A pond, an airfield, a boy becoming a man
THAT summer I hung out with the scientists. They were boarding at a deserted airfield near Cranbrook, British Columbia. Not only was it the most beautiful place on earth for a lad hitchhiking from Maine to Alaska, but the field had history. Built for an imminent invasion by the Japanese, the field was never used; like poetry, its four symmetrical clapboard houses were just there with an old military wooden tower. It had changed the course of events in no way, but I delighted in it.
I hadn't meant to spend all summer there, but the scientists were young, like me, and I had a history with the one biologist there; we had shared a chalet in France on a winter's ski bum. The others, who were geologists and cartographers, felt this recommended me to equal place with them. The Canadian government was then exploring the wealth of British Columbia, and the group was willing to share the wealth with another youthful explorer, as if I were one of them for having been to France.
A living room sleeping bag site by the fireplace in one house was mine every night, and in the days I helped type reports in the two-tiered ``conning tower,'' in which my friend had the upstairs for his deer and elk studies. The cartographers were downstairs.
It was an efficient operation, bright and fun. Across from the airfield was a road leading to heaven's own pond. Someone kept a canoe there, and on days when my friend was out with his supervisor or the geologists were doing a ``flyover'' on the ranges, I'd walk down that road and go out in the canoe.
The water was deep, clear as glass, so you could see turtles flippering along the white sand bottom. You'd canoe over them. There was an island in the middle of the pond, where I'd park the canoe among gnarly roots of pines and lie down in the soft meadow surrounded by lapping water.
I was deep in Canada, a young man on his travels; it was summer, I was among patronizing friends, yet here was this pond, an obscure, unnamed place with turtles and untouched beaches - and peace.
I hadn't known I even wanted peace until then. I became addicted to going to that pond, slipping away almost daily, as all people who practice a spiritual discipline look forward to the wonder of refreshment. It was hot, I could be barefoot on the sand, wear shorts in the canoe, be a boy perhaps one last time ... until one afternoon as I went down the road to the pond I noticed I was being followed.
It was one of the cartographers. She was one of those slight, sort of nondescript people who do their work as if work is all. She was quiet, efficient, and lived apart from the more robust elements of summer at the airfield.
I figured it was her canoe and she was coming to claim it. O turtles! Maybe I could swim out to the island and she'd go off on her own with the canoe, if it was hers. I tried to act as if I didn't notice her. When I got to the canoe she was right behind me. Her hair was braided, she looked studious, but looked me in the eye with the determination of a rancher's daughter.
``All right. You can have it,'' I said.
``But aren't you...? I mean, I came down to, well, I got out of the flyover today, because you're always here, alone,'' she said. She came with me. She began by naming the turtles, told me where the springs were in the pond, cataloged the shore plants.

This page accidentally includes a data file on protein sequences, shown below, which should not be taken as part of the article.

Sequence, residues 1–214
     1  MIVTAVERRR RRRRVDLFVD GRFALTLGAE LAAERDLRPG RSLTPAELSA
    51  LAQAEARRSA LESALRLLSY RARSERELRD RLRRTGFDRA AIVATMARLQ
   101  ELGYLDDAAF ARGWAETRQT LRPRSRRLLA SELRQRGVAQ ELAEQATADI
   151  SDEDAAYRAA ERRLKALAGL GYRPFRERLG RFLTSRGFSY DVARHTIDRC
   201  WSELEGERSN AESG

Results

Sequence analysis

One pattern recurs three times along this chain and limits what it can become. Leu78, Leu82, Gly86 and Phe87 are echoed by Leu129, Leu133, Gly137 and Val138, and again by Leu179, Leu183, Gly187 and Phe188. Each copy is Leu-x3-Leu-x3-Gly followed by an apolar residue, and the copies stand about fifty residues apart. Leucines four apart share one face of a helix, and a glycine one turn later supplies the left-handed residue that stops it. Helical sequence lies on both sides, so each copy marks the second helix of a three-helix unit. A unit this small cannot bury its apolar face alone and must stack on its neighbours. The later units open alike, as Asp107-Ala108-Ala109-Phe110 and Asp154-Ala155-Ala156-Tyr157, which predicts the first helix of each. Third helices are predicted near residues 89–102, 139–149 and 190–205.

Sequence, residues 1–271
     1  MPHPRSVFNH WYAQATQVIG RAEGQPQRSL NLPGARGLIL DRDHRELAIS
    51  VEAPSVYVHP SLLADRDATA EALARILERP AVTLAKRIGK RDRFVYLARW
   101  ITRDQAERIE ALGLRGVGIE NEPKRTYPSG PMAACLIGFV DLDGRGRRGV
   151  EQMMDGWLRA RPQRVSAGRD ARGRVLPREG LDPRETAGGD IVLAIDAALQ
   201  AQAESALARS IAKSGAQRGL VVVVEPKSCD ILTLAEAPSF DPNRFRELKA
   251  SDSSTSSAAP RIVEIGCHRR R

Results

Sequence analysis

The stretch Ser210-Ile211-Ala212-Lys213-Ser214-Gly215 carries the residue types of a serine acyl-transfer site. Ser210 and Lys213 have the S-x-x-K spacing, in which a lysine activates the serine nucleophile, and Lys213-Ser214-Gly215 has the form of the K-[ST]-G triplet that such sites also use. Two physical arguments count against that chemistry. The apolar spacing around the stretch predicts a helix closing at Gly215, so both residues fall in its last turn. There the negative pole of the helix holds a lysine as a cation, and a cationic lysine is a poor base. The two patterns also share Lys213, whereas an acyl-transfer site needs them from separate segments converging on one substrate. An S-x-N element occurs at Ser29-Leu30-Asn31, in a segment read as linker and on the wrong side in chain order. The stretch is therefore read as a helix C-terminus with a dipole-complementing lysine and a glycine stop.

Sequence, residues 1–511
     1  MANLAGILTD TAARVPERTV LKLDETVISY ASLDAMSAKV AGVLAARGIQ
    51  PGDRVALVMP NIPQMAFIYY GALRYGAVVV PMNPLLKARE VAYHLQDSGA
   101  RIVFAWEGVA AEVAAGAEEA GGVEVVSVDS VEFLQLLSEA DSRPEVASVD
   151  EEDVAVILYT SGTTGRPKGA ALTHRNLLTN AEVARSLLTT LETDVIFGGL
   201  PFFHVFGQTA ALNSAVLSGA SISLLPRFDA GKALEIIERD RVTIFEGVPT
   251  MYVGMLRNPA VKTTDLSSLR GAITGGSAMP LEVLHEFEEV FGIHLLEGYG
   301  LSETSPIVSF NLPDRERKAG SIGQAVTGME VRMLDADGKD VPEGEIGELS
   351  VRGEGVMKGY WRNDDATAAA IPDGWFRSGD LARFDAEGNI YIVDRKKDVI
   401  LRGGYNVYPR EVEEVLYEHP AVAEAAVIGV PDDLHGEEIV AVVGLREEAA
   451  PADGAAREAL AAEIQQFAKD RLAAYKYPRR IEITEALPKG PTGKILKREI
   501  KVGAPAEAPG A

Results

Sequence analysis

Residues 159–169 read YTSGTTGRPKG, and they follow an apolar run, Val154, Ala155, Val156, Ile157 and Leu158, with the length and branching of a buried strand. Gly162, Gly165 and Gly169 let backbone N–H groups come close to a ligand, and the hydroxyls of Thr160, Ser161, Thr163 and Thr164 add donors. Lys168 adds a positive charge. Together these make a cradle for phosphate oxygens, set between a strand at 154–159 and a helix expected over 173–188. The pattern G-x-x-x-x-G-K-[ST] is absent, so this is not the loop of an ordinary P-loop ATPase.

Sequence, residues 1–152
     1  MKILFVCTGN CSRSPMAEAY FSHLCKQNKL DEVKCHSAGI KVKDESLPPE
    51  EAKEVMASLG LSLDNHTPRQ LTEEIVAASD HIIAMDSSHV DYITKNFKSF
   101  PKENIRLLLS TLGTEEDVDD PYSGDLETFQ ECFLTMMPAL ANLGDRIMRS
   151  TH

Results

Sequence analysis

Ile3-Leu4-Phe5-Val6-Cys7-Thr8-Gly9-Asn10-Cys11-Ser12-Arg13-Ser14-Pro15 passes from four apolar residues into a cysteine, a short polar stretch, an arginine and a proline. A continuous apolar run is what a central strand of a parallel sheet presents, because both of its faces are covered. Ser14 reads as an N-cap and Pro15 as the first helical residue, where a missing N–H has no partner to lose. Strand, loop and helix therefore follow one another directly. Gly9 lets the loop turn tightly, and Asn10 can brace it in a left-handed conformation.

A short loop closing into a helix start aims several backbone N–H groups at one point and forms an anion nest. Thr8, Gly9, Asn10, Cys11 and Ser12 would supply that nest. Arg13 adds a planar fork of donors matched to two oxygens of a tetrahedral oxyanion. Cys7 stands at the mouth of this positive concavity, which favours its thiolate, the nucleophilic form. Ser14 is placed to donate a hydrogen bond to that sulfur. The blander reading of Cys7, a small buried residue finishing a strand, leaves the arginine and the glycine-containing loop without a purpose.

I was enthralled at first, for I had never known a true scientist, in love with facts that rolled off her tongue. But out on the island, when she started in on Latin and Greek, it was a bit cloying.... She named various classes of Hymenoptera - blue dragonflies in the reeds - and explained why aspens were Populus tremuloides and not Populus whatever....
She attached herself to me that summer, following me about, meeting me in odd places, sitting quietly across from me at our feasts at the outdoor fire pit we'd all have together behind the houses, staring at me. Sometimes we'd sit together - I mean, after all, she was pretty nice - till the fire burned down to embers and one of us silently walked away peacefully to bed.
Oh yes, there were the romantics around us; that happens whenever there are young men and women drinking the same professional cup of tea, but we, well - I didn't mind her cataloging everything that much, and she was brave to assume I wouldn't walk away when she came and looked in my eyes, and found something to stay for.
One evening after a rain, some geese flew through clearing clouds. My biology friend had been gone some time on work in the north, and I decided it was time to move on. Fall had sneaked up. When you're young you can leave notes, as I did, for him, saying, ``Just heading up the road for a while. Be back.'' And believe it. I would be Alaska-bound and never see him again.
She came down from the tower that morning, as I stood with my gear in the road, a road so empty you'd never think a car traveled that way, but when it did, I'd be gone. She stood by the side of the road, arms folded, kicking some grass. I'd shaved off my first beard the night before and she'd said,``You're so many different people. I don't know what to call you.''
Now I said, ``Hey. Thanks for a nice summer.''
She replied, her voice low, ``Sure thing.'' We shook hands. She turned to walk up the grass to the tower. Then she stopped, turned around, and really smiled. ``I know what you are. You're the eye of a whale,'' as if that made perfect sense.
Scientists. I see her today and will every time I remember Hymenoptera and paddling among blue dragonflies on a pond with no name.